A basic understanding of touch screen
A Touch Panel is a sensor type device fabricated by forming a transparent electrode on a substrate of glass or film. ... This provides an intuitive user interface by directly touching the screen without any input devices required such as a keyboard or mouse.
It's perhaps not something we think of often, but touch panels have integrated themselves into every aspect of our lives. People who enjoy using digital devices like smartphones interact with touch panels all the time in everyday life—but so do others, at devices like bank ATMs, ticket vending machines in railway stations, electronic kiosks inside convenience stores, digital photo printers at mass merchandisers, library information terminals, photocopiers, and car navigation systems.
A major factor driving the spread of touch panels is the benefits they offer in the way of intuitive operation. Since they can be used for input through direct contact with icons and buttons, they're easy to understand and easily used, even by people unaccustomed to using computers. Touch panels also contribute to miniaturization and simplification of devices by combining display and input into a single piece of equipment. Since touch panel buttons are software, not hardware, their interfaces are easily changed through software.
Primary applications of LCD monitors with touch panels. These devices are used in many widespread spheres.
While a touch panel requires a wide range of characteristics, including display visibility above all, along with precision in position sensing, rapid response to input, durability, and installation costs, their characteristics differ greatly depending on the methods used to sense touch input. Some typical touch-panel sensing methods are discussed below.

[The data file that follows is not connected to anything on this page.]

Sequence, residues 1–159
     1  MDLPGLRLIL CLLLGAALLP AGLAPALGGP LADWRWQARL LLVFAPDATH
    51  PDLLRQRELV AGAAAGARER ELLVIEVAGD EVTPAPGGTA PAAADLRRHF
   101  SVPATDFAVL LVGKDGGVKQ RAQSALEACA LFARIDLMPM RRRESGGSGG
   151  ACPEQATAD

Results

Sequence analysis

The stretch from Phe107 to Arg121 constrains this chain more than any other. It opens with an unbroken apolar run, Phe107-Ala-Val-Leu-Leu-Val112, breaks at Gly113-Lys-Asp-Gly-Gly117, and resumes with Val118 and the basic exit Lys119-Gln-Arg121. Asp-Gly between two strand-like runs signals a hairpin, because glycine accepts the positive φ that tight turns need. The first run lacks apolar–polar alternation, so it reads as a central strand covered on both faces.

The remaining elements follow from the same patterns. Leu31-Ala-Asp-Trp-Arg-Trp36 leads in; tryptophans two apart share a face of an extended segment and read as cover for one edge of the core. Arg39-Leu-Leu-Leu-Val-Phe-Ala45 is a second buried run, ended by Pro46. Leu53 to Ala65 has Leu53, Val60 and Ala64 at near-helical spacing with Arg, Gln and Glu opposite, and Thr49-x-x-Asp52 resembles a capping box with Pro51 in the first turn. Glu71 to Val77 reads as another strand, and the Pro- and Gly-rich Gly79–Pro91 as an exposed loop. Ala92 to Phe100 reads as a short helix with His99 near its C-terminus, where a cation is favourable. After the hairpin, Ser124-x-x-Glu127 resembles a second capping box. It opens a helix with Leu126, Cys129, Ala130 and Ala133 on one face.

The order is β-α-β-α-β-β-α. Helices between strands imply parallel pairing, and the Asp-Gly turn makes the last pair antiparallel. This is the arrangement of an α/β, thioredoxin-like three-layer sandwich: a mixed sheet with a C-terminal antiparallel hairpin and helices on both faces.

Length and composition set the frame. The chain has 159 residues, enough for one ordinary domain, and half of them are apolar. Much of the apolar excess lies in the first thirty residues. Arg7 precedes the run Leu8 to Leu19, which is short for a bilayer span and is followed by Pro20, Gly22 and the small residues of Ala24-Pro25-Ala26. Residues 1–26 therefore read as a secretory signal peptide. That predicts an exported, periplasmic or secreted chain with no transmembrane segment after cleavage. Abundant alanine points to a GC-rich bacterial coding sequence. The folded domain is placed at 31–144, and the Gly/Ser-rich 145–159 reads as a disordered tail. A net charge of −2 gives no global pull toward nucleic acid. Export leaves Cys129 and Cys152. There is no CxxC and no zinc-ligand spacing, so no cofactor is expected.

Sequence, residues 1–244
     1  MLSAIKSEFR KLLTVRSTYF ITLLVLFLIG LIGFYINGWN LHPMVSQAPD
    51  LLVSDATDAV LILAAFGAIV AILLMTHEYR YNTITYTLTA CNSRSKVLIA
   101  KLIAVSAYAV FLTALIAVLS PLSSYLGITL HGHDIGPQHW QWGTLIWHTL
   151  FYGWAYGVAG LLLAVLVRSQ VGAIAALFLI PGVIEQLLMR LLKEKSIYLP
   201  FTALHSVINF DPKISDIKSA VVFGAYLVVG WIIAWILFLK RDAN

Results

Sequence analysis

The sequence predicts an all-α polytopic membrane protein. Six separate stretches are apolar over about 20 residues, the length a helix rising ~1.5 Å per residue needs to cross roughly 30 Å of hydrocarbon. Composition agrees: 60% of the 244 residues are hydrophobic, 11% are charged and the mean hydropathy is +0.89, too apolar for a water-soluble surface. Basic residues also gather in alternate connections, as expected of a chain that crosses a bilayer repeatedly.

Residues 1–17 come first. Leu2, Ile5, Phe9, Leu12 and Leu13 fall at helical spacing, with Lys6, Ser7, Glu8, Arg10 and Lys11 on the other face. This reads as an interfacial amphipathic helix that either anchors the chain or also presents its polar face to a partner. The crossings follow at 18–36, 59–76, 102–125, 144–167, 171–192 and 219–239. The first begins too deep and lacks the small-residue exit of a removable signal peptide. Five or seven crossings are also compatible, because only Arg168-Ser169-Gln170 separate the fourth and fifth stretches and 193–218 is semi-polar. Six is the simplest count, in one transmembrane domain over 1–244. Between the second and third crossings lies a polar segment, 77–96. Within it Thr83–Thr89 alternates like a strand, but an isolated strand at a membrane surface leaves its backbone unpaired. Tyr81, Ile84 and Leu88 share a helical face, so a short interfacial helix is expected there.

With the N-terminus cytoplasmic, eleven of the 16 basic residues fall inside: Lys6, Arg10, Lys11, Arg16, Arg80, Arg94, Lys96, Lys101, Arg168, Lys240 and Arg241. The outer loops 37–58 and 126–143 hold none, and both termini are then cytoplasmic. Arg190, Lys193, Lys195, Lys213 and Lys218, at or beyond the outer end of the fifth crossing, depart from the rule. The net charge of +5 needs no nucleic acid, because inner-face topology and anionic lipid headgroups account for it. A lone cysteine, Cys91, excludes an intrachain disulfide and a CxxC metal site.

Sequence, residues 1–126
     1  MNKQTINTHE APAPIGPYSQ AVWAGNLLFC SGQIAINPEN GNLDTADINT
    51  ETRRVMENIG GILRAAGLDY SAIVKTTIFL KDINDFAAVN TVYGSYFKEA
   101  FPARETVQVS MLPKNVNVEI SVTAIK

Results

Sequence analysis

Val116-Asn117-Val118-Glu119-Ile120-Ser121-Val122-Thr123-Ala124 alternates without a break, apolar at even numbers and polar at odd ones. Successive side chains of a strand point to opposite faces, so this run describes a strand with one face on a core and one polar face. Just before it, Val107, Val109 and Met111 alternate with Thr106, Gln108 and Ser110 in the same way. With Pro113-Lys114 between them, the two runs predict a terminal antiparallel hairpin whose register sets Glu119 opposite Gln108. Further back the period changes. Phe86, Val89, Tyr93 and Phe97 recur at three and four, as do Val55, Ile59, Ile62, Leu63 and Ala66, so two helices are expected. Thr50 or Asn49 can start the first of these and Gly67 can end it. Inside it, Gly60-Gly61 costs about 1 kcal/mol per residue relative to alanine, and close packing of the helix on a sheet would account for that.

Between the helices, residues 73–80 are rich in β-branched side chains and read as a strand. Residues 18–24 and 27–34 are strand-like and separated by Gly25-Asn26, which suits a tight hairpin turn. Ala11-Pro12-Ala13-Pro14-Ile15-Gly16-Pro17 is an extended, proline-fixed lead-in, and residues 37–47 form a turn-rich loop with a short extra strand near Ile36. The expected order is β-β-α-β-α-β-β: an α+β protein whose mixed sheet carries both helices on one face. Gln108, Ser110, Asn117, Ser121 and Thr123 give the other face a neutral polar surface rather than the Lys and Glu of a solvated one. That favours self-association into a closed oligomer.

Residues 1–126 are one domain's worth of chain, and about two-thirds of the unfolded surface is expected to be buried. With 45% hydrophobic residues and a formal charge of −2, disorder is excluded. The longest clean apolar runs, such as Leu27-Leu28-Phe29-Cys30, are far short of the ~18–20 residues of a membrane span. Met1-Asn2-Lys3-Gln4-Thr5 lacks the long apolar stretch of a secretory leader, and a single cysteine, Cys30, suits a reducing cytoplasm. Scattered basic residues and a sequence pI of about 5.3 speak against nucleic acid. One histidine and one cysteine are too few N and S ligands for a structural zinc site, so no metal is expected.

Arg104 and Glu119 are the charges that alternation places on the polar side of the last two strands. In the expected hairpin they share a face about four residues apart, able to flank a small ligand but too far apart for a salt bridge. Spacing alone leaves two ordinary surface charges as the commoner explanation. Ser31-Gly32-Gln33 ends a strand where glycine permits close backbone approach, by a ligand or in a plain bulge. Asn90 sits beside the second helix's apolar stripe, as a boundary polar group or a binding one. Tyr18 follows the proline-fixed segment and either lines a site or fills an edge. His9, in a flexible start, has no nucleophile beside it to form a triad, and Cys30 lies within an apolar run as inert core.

As of 2010, resistive film represented the most widely used sensing method in the touch panel market. Touch panels based on this method are called pressure-sensitive or analog-resistive film touch panels. In addition to standalone LCD monitors, this technology is used in a wide range of small to mid-sized devices, including smartphones, mobile phones, PDAs, car navigation systems, and the Nintendo DS.
With this method, the position on screen contacted by a finger, stylus, or other object is detected using changes in pressure. The monitor features a simple internal structure: a glass screen and a film screen separated by a narrow gap, each with a transparent electrode film (electrode layer) attached. Pressing the surface of the screen presses the electrodes in the film and the glass to come into contact, resulting in the flow of electrical current. The point of contact is identified by detecting this change in voltage.
The advantages of this system include the low-cost manufacture, thanks to its simple structure. The system also uses less electricity than other methods, and the resulting configurations are strongly resistant to dust and water since the surface is covered in film. Since input involves pressure applied to the film, it can be used for input not just with bare fingers, but even when wearing gloves or using a stylus. These screens can also be used to input handwritten text.
Drawbacks include lower light transmittance (reduced display quality) due to the film and two electrode layers; relatively lower durability and shock resistance; and reduced precision of detection with larger screen sizes. (Precision can be maintained in other ways—for example, splitting the screen into multiple areas for detection.)
Capacitive touch panels represent the second most widely used sensing method after resistive film touch panels. Corresponding to the terms used for the above analog resistive touch panels, these also are called analog capacitive touch panels. Aside from standalone LCD monitors, these are often used in the same devices with resistive film touch panels, such as smartphones and mobile phones.
With this method, the point at which the touch occurs is identified using sensors to sense minor changes in electrical current generated by contact with a finger or changes in electrostatic capacity (load). Since the sensors react to the static electrical capacity of the human body when a finger approaches the screen, they also can be operated in a manner similar to moving a pointer within an area touched on screen.
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